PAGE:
I stared at my friend, my words dying on my lips after I realized that she wasn’t really listening to me. She had noticed my uncharacteristically downtrodden expression and asked me herself how I was feeling. Only a few minutes after I had started talking, though, the only responses I received were haphazard one or two word phrases. I left feeling unimportant and very small.
It’s not just that friend, though. It’s my other friends, my family, myself, everyone. We all fall victim to pretend listening, where we act like we’re invested in the conversation by throwing in the occasional vaguely relevant filler response. We’re half-in and half-out, and it becomes apparent that we’re only half-listening. Pretend listening makes the other person feel as if what they’re saying doesn’t merit our full attention.
When I’ve found myself being the pretend listener, I always feel guilty when I realize the other person’s expression. Whether it’s subtle hurt or overt offense, the bad taste in my mouth always lingers. With a metaphorical nod to everyone who’s found themselves on the receiving end of the absentminded “mhm,” if I could change one thing in the world to make it a more caring place, it would be how we listen. I’d encourage everyone to actively listen and pay attention when we converse because it’s so easy to slip into the trap of pretend listening and just focusing on ourselves.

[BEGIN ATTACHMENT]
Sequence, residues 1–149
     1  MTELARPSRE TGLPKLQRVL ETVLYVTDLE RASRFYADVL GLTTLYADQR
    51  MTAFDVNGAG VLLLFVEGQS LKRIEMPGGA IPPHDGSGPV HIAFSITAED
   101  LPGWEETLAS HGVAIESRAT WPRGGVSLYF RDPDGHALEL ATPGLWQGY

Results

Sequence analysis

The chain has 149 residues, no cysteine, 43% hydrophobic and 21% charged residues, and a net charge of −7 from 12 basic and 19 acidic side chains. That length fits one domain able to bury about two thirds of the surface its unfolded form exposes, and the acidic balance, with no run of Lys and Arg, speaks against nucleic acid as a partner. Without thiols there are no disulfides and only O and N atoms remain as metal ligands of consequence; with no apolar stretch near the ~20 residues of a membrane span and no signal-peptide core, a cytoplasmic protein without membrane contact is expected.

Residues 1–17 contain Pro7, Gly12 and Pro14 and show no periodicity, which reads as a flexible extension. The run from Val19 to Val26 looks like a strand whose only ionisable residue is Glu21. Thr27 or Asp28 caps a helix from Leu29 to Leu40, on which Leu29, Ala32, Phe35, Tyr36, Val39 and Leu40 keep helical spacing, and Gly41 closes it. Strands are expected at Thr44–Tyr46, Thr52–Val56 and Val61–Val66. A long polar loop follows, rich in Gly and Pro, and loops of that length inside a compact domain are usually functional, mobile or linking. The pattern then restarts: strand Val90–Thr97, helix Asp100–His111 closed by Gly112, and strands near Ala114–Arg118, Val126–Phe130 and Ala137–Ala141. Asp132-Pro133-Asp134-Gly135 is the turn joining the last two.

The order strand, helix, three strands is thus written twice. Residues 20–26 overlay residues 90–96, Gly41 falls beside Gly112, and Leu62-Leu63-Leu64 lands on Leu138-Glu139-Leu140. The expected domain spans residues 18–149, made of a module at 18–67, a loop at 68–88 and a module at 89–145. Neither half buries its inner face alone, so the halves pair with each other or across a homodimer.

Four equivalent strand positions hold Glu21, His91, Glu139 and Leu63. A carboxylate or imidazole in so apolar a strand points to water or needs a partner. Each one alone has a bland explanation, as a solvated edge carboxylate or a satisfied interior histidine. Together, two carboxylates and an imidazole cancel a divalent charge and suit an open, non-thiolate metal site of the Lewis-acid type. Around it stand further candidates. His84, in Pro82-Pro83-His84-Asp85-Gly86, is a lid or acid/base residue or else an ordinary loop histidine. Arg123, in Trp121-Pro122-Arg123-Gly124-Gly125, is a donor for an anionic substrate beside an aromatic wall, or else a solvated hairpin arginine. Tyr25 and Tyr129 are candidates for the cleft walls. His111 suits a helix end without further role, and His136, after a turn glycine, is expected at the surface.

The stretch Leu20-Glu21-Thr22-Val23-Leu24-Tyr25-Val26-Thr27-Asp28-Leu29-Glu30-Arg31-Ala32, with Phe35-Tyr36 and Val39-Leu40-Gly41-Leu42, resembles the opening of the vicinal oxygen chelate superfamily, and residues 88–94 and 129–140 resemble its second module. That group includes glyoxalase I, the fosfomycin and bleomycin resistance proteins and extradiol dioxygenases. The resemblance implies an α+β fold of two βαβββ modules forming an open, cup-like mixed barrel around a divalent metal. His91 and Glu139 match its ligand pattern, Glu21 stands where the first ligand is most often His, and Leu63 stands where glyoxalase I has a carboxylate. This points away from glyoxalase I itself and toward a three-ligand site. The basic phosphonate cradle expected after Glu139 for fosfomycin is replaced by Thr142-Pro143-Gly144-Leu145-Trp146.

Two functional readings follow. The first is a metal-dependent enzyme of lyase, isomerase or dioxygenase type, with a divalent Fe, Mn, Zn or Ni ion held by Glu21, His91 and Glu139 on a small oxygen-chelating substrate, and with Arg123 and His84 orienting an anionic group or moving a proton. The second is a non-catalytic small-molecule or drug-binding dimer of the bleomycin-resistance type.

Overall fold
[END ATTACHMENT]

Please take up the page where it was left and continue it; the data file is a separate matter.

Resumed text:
Seeking to understand first naturally strengthens amity. Words hold so much power because we can use them to hurt and heal, condemn or comfort. How we respond to others’ words can begin and carry on that caring impact that we look for.
One time, my best friend had come to me in a panic. It was right before the deadline to commit to a college, and she had found out that her parents had changed their minds on where they were sending her to college. She told me her parents had agreed to send her to her first-choice school ever since she had been accepted, provided that it stayed affordable. She desperately needed to tell someone about it because her parents weren’t listening to her. I could have looked past her and nodded and told her that I thought the situation wasn’t looking so good.
Instead, I looked her straight in the eye, nodded, and put myself in her shoes. I paid attention to the details she told me, and the details in her body language: how she wrung her hands, how her foot tapped anxiously against the floor, how she glanced downward. I simply listened. After she had finished, she looked less stressed and told me that she felt so much better knowing that she had someone who would listen to her. She had felt understood.
This was only one instance. Feeling cared for makes us want to care for others. It’s a self-perpetuating cycle with humble beginnings. Active listening is a habit, and like all other habits, we’re in control of it. We can make the choice to fully listen in any situation, and our decision is susceptible to no outside interference. As we begin to change ourselves, our conversations will be made more meaningful and our relationships stronger.